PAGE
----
Friday, June 10, 2016

Photography trip in late April

Kevin Bartlett wanted to photograph Broadbills after some work in Bangkok.
We spent 6 lovely days together both inside of Kaengkrachan National Park as well as in the outskirts and some fields of Petchaburi province.
Kevin managed to photograph 5 species of Broadbills much to his delight. He also got his 1st Pitta species on film and just generally had a good time with the birds.

These are my own images. I didn't pursue all birds as I have photographed them previously.

It was still dry in the park after an unusually long dry season. Birds were starting to breed though and we did encounter sporadic rain.

The Pittas were active as well and we heard 4 species and saw 2.

We also saw numerous Yellow-rumped Flycatchers as well as a few Green-backed. These birds are passage migrants and otherwise not seen in the park.

Lodging and dining was at Baan Maka, the default choice of accommodation.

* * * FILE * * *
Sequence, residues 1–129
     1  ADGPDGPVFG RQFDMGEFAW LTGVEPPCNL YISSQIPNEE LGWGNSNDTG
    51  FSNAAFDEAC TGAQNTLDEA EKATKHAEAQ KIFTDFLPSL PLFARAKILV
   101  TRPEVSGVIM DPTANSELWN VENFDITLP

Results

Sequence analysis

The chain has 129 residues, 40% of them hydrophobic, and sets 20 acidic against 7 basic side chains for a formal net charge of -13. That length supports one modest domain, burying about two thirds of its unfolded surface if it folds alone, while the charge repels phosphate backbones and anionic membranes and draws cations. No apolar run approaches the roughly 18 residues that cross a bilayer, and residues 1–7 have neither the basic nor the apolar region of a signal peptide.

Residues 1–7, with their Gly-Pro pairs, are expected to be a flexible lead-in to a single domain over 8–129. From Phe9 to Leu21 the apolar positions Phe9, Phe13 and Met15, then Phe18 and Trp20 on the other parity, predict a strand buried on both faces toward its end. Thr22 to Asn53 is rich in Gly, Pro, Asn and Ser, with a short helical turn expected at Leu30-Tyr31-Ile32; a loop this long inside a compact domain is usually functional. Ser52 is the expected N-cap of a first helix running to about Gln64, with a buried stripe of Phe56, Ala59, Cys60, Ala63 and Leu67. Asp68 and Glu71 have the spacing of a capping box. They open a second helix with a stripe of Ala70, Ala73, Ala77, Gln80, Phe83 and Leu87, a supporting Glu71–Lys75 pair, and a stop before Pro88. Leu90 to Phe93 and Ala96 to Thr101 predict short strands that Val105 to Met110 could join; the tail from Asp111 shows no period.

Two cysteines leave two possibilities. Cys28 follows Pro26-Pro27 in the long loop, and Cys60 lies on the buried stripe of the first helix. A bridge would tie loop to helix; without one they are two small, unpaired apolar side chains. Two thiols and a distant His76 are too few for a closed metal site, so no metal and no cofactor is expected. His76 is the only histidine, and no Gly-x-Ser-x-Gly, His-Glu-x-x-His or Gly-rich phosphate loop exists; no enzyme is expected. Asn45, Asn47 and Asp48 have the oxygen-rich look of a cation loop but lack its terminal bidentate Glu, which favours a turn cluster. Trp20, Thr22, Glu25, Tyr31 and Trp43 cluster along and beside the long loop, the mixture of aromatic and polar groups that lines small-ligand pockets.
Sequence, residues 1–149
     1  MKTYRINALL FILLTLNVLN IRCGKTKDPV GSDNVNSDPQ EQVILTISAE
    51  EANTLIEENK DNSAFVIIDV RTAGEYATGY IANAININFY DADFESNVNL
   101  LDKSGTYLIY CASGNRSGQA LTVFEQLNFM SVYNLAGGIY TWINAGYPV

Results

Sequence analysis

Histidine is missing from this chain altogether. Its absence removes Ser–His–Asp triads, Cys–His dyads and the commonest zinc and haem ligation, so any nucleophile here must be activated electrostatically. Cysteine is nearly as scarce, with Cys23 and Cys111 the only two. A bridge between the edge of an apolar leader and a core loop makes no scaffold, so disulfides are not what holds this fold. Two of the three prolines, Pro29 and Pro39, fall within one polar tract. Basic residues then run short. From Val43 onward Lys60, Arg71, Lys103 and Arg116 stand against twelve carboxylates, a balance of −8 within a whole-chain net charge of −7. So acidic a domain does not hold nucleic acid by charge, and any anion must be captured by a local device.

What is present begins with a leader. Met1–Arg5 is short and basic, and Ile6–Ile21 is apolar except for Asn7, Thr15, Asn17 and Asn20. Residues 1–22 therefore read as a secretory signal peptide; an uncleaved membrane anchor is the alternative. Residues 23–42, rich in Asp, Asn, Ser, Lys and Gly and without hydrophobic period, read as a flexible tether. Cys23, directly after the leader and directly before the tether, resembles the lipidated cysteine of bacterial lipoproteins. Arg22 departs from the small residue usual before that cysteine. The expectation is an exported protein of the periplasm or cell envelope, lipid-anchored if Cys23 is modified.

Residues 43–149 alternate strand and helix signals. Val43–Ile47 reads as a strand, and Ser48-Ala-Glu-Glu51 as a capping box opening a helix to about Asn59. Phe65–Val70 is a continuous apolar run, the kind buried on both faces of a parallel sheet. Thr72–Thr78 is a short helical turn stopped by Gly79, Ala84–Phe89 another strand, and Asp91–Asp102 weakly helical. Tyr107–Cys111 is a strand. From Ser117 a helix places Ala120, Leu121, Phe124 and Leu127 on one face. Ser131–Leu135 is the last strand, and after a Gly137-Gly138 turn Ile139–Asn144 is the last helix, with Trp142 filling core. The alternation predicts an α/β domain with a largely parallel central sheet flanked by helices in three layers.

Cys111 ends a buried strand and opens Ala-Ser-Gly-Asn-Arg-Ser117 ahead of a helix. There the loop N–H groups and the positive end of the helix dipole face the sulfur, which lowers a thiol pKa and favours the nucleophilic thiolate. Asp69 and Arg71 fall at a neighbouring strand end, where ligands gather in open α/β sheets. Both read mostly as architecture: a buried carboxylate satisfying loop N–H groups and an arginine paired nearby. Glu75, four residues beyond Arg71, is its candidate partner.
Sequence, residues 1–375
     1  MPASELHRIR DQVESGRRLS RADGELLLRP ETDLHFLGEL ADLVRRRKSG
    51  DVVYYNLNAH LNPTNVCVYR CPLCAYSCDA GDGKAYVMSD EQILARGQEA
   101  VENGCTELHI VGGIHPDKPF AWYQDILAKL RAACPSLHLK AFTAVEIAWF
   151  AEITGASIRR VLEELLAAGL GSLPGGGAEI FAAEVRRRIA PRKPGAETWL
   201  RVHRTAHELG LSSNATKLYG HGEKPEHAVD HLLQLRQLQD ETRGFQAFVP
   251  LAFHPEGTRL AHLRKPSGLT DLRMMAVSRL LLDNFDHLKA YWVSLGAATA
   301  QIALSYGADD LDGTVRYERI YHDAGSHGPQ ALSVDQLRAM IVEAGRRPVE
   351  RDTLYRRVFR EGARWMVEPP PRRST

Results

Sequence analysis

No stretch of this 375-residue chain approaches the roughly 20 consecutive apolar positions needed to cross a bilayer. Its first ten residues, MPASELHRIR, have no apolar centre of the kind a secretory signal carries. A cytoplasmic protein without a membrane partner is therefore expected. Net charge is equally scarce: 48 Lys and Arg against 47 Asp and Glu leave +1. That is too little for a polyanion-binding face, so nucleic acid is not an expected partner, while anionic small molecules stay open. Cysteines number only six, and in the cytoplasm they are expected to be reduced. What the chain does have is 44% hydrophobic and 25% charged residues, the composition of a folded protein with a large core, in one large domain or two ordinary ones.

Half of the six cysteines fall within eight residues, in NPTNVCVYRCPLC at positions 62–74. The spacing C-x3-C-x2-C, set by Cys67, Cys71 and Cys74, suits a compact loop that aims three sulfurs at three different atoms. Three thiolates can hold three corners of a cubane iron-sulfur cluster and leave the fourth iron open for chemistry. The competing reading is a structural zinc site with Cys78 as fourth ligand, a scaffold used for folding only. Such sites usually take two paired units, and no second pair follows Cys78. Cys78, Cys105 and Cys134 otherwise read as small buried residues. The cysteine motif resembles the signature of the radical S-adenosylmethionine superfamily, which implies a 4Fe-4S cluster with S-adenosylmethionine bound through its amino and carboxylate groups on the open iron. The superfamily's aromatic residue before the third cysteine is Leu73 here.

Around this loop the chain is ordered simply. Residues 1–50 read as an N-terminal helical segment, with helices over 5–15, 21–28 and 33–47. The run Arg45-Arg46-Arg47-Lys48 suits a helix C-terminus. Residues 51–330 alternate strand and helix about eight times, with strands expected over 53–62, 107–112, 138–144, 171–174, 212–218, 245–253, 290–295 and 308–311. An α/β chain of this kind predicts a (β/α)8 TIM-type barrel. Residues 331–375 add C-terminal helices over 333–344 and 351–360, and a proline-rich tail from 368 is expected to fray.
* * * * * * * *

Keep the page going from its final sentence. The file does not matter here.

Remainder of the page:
These images are all from a hide by a waterhole. 







 Asian Golden Weavers sparkle in the reed beds as they are busy building nests.



Oriental Pratincoles prefer dry open mud for their nesting grounds. 



Yellow-rumped Flycatchers use the waterhole as they pass through Central Thailand on their way to their breeding grounds in Northern China etc.



Crested Goshawk isn't all that dangerous at the waterhole but the little birds retreat when it shows up for a drink.



Lineated Pheasant, male, likes to join the party.



Forest Wagtail looking for grubs on the forest floor.




Green Magpie is one stunning as well as mean looking creature......loud and ferocious....



Female Asian Fairy Bluebird is not a regular visitor to the waterhole but in the dry season all birds have to seek what little water there is. 



One of my favorite birds. Racket-tailed Treepies.....resident bird with a stunning plumage.



Abbott's Babbler


Try seeing a Large Scimitar Babbler outside of the water holes. Highly skulky species.




Asian Paradise Flycatcher 



Bar-backed Partridge with a lovely patterned plumage. 




Blue-bearded Bee-eater is a bird of the more open forest. 



White-browed Scimitar Babbler just seem to love water. Kept coming every 10 minutes for hours on end. 



Large Wood Shrike is not often seen at the waterhole.

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